First I’m going to pull out all my brushes, take a good look at them, and then throw them overboard. Next I’m going to open all the lids to the paint cans, shove my hand in to get warmed up, and then I´m going to Jackson Pollock all over the place, because that was my experience. So if I lose you along the way, that’s okay, because I’ve lost myself as well. Just look out for the big picture and try to avoid the hammocks.
Iquitos is a flytrap of a city in Northern Peru. There are two ways there: boat or plane. There are no roads to Iquitos because it is surrounded by jungle. When you exit the airport 130 eager ´´moto´´ drivers great you and try to guide you to their vehicles, all the while quoting prices that would make an Arabian sheik gawk. You stand firm that a ride should only cost you 6 soles (a little under 2 dollars), and hop into a shaky hybrid-motorcycle-chariot. Because no one seems to know or care about traffic rules in Iquitos you weave with 6 or 7 other ´´motos´´ in and out of two lanes; if the fumes don’t get you stoned you might be anxious.
But Iquitos is just the corner of this canvas, no more than a stepping stone to the virgin Amazonian Jungle that lies 200km southwest in the Pacaya Samiria Reserve. While I usually like to hike without guides, I have two boundaries: 1) high altitude climbing (its good to have a guide in this context) and 2) the jungle (I just don’t know where to begin). So I found a small eco tourist outfit. ´´You’ll take a boat this evening, arrive there late tomorrow morning, and then you’ll take another boat an hour into the reserve where you’ll meet Don Manuel and your guides. Tell Don I say hi.´´
I really don’t know what I was expecting, but in hindsight it’s better not to have expectations. So when I arrived at the port, or rather the spot where the ferries wedge themselves between each other and the eroding river bank, I was a little surprised.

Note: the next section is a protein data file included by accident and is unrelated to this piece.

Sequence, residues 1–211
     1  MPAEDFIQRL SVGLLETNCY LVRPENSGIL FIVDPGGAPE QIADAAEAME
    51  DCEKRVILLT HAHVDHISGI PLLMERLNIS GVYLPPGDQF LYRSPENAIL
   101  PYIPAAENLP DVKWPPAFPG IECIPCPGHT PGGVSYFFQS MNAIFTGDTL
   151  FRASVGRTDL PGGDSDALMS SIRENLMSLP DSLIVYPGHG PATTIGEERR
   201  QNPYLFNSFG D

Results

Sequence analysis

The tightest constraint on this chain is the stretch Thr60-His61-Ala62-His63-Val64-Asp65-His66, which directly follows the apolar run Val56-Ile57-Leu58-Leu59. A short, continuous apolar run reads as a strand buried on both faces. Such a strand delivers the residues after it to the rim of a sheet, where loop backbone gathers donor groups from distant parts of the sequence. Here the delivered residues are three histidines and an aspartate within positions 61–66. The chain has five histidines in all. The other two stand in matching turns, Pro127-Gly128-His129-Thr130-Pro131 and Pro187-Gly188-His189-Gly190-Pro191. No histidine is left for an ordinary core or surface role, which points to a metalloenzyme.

It took me three boats and three planks to find my ferry and when I did I walked up to the second level (mistake 1) and immediately drifted back to my elementary school days when I first started to learn about slavery and slave ships, because this ship was packed with screaming people, food, and other unrecognizable odors and sounds. I navigated my way towards the back (mistake 2) and found the hammock that had been reserved for me. The engine room was only a few feet away, the bathrooms a few feet on top of that, and above my head hung an exposed light bulb that couldn’t be turned off.
The instant I wedged myself into the hammock (which was touching three other people by necessity) I started to sweat profusely. Several minutes later there was a bum rush for the few scattered life jackets on board, and I jumped down and sweat some more. ´´False alarm´´ my neighbor told me. We hadn’t even left the dock yet.
By 10:00 that evening things had settled down: people were nestled in their hanging beds and happily spilling rice and other delectables. But I wasn’t quite content. I was drenched and nauseated, so I made my way through the masses and stepped outside. Damn, why hadn’t I thought of this sooner and why hadn’t I brought my jacket? After a quick back in and back out I decided to curl up on the deck next to the captain’s room. Ha. The captain’s room, or rather the captain’s cubby, where the captain drove the ship with no radio, no charts, no GPS, no radar, nothing save for the spotlight he thrust into the darkness every couple of minutes. My head was facing the railing and I could make out the name of ship, ´´Eduardo VII´´ What happened to the other Eduardos? It didn’t matter. I got up and pissed off the boat.